Aaron Rodgers Diagnosed with Fractured Collarbone, Out a Month or More

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Aaron Rodgers Diagnosed with Fractured Collarbone, Out a Month or More

The Green Bay Packers are going to want their doctors double-checking this one. Aaron Rodgers was driven into the turf early in Monday night's game, a move that we've seen too many times in the NFL.

Two Bears were atop him as he hit the ground. Indeed, if you watch, it might be the extra force of the second defender that caused the issue. You can see a bit of a "bounce" after hitting the ground, and his arm goes limp just after. 

ESPN's Adam Schefter indicated early that Rodgers has an incomplete and non-displaced fracture of his left clavicle. That kind of fracture would look more like this on X-ray than a more dramatic displaced fracture. Rodgers said on his radio show to ESPN Milwaukee's Jason Wilde that he had a fractured collarbone, but did not mention that he had any other associated damage. He specifically said there was no timetable. 

The key here is the "and." A fractured collarbone is one thing, but associated damage to the joints on either side would complicate things tremendously. A tweet from ESPN's Ed Werder indicated there was swelling in the area that made it difficult to diagnose on Monday night, necessitating the Tuesday imaging. Given that, the range could extend out significantly, but Rodgers did not indicate that there was anything beyond "waiting for the bone to heal."

The normal time range for a fractured collarbone is six to 10 weeks. However, if the fracture is in a "good" location and if there's no associated damage, it is possible for him (or anyone) to come back earlier.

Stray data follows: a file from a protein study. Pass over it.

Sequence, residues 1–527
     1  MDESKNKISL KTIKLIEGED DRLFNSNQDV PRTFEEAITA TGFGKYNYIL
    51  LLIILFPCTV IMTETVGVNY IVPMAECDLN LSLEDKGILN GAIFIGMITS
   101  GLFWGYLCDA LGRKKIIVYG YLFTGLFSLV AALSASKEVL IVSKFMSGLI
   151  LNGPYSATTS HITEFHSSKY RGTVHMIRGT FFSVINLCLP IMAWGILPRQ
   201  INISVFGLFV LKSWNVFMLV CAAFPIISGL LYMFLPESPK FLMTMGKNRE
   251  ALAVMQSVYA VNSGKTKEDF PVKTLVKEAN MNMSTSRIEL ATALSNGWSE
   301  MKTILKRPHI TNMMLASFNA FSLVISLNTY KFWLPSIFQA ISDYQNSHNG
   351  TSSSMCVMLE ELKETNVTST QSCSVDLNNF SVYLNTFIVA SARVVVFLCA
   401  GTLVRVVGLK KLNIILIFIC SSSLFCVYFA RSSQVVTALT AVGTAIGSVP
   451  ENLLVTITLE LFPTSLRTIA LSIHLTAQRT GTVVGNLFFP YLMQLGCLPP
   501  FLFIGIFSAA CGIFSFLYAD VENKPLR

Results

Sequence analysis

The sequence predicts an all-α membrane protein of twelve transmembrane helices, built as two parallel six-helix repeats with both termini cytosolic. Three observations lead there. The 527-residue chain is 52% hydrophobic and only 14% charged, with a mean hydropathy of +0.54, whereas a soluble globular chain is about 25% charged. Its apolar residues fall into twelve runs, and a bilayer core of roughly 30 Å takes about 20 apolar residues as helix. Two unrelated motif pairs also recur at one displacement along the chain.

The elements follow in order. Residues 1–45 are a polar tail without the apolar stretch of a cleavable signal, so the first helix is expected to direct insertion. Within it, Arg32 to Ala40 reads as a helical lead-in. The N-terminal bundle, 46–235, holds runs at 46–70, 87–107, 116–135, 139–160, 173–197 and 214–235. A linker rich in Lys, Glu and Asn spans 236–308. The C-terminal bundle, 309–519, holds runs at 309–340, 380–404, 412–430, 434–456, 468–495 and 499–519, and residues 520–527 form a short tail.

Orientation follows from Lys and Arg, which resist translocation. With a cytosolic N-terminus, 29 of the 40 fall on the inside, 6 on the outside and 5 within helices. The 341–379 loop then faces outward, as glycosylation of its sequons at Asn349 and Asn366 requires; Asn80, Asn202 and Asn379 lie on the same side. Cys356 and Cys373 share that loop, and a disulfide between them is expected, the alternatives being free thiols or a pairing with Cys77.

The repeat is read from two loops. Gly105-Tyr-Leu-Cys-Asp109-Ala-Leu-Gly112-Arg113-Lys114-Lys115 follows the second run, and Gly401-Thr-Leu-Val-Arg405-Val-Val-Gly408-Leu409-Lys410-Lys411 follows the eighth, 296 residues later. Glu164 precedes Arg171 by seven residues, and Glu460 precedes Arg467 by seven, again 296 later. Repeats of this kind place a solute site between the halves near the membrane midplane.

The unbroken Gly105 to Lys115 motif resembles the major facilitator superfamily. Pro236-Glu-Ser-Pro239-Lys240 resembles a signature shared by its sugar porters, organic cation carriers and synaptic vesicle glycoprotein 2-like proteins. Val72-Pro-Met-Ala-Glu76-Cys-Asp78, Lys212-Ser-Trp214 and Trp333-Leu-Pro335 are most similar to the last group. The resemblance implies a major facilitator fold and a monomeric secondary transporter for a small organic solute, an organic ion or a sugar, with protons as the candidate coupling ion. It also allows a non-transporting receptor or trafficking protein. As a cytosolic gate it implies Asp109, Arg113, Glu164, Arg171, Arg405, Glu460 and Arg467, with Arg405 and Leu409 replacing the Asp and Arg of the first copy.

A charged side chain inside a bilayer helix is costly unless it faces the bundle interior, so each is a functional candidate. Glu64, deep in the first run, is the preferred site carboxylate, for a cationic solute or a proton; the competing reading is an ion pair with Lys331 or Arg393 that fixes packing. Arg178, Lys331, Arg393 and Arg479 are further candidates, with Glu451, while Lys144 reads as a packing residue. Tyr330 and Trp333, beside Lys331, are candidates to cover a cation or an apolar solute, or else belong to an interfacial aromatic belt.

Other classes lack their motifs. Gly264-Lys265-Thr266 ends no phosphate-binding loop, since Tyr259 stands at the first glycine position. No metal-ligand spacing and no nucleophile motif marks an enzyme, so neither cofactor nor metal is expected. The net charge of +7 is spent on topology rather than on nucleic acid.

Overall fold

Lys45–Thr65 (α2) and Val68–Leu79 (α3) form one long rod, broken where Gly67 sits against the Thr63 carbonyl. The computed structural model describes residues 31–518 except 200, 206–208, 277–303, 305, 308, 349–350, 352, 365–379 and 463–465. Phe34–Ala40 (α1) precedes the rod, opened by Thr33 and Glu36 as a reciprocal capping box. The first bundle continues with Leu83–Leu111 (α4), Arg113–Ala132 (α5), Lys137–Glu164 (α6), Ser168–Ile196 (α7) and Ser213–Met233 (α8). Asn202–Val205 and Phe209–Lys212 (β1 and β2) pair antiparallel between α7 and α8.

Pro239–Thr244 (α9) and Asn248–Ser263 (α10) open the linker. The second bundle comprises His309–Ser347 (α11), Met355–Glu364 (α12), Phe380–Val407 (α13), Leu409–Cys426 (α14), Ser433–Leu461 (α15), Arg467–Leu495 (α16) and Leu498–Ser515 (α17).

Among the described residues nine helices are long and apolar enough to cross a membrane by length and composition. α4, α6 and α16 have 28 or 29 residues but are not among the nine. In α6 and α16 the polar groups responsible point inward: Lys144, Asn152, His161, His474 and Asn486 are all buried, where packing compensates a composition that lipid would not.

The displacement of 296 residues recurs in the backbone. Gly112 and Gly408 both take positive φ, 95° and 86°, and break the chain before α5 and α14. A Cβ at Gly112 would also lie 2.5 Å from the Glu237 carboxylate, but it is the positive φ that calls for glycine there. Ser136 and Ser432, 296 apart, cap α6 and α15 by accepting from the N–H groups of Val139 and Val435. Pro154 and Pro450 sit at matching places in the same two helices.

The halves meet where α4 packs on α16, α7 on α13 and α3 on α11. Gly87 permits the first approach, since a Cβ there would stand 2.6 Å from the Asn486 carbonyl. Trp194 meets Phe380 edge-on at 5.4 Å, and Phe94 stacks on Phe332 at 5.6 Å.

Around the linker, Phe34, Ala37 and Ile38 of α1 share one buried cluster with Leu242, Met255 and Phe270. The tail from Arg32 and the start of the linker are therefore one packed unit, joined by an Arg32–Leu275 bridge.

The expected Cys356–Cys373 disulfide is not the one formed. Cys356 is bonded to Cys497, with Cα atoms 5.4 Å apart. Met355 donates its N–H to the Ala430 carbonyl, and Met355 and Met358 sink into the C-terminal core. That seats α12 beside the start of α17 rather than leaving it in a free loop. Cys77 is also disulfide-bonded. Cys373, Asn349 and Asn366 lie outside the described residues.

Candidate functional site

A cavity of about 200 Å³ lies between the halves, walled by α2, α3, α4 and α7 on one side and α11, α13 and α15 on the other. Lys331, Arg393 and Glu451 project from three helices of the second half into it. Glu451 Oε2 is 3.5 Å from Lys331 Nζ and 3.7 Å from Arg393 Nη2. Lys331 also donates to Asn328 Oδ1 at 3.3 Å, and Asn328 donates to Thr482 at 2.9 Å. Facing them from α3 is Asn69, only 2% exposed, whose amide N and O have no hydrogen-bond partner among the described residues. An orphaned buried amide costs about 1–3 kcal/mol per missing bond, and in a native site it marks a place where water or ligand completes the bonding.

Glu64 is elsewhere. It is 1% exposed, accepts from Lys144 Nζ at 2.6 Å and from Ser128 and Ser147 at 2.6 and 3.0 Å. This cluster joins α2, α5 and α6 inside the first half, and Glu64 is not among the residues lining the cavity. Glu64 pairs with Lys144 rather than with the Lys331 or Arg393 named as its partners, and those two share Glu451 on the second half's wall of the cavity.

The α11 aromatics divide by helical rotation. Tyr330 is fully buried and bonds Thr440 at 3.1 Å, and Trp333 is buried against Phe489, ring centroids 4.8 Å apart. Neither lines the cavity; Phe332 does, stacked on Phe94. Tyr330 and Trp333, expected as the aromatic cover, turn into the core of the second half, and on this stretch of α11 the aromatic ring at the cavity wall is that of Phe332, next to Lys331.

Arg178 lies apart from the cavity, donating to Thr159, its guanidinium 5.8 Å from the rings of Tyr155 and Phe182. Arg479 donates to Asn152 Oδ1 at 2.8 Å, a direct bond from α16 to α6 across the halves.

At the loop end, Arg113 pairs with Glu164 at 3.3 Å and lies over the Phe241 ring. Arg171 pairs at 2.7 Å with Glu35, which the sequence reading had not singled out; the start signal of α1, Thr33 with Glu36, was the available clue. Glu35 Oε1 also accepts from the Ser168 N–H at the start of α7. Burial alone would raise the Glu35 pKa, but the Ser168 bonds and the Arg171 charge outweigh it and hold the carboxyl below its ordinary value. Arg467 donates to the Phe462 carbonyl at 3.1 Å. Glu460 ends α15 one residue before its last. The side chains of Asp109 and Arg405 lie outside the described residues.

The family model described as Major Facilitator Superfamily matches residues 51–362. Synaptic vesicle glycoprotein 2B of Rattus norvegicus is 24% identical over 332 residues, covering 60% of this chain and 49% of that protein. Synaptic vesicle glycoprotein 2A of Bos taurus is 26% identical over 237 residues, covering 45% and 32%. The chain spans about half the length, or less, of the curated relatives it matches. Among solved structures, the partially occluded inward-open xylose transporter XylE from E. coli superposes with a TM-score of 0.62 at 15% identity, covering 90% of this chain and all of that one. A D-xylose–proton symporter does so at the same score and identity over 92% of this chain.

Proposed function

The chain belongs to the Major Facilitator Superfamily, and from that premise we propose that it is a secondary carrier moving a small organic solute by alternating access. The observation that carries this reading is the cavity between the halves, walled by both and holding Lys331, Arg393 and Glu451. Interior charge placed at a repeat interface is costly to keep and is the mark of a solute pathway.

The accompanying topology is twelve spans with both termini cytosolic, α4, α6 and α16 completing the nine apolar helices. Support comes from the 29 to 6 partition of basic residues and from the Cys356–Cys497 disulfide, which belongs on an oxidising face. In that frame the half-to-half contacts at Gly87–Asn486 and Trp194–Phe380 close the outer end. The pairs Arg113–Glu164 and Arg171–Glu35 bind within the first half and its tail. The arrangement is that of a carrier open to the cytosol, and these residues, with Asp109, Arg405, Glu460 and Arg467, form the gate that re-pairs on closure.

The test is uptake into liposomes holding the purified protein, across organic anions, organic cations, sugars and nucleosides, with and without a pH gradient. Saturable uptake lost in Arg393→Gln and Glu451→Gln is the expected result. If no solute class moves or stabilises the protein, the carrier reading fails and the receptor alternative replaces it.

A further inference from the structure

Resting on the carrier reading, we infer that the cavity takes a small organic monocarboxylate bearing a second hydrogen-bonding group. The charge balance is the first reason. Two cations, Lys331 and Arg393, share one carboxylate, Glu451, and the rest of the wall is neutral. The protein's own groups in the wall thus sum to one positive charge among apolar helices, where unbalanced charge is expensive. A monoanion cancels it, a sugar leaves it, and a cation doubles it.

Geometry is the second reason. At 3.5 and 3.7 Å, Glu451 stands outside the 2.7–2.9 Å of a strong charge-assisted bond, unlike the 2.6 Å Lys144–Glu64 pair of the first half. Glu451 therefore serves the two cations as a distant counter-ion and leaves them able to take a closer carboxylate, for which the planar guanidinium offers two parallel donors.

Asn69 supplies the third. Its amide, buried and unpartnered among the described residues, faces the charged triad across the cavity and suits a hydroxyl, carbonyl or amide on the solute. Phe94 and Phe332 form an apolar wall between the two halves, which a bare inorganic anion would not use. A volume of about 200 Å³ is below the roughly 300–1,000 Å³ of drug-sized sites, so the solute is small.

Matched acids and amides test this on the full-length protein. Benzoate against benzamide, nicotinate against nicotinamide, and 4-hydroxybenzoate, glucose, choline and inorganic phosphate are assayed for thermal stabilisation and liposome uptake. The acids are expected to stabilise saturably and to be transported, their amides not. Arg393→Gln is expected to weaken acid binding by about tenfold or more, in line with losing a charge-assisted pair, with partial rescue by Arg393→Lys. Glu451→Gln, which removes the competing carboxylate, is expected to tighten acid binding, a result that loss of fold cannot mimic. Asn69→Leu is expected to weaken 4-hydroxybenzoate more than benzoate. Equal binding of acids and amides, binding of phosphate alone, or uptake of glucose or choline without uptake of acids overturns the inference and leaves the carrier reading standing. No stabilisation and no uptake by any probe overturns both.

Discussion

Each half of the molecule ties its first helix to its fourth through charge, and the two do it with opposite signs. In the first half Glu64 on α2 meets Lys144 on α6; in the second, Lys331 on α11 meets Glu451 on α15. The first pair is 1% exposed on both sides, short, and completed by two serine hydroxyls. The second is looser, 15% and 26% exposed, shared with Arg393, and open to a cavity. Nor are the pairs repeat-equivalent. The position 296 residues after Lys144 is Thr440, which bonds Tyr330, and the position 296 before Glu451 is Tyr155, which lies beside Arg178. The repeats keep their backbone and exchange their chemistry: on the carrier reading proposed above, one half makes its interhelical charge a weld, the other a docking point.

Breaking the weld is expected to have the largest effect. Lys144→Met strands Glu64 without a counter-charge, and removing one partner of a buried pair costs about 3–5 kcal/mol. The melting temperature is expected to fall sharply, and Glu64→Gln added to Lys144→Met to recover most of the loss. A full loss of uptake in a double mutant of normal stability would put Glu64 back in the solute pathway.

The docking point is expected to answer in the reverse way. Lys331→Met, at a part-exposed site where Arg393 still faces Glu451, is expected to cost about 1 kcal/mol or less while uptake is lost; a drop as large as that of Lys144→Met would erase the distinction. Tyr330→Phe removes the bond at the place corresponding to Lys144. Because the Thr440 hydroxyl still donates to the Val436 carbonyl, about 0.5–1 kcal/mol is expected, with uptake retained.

The downside is that any quarterback faces the threat of having the exact same kind of hit happen on any play. Bones do not fully heal in three weeks, so Rodgers and the Packers would be taking some risk.

Hannah Foslien/Getty Images

There's just no way to protect the area. Rodgers could not play in any sort of sling or harness, even though it's his non-throwing arm. Just take a look at the picture to the right, and you'll see that Rodgers' throwing motion involves that arm being a counterbalance. That is very common, even necessary for the accuracy and repeatability that Rodgers has based his success on. 

If there is no other associated damage, Rodgers is very lucky. The collarbone (or clavicle) acts as a brace for the entire torso and at both ends it attaches with a system of ligaments. At the medial end, it attaches to the sternum. At the lateral end, it attaches to the shoulder complex with a series of structures at the acromioclavicular joint. Sprains to either side of the collarbone can be exceptionally painful and can heal slowly. 

One other less noted issue could be with the coracoclavicular ligament. This thin but strong ligament connects the clavicle to the coracoid process of the scapula (shoulder blade). If Rodgers has any issue with the scapula, it can throw off his throwing motion significantly.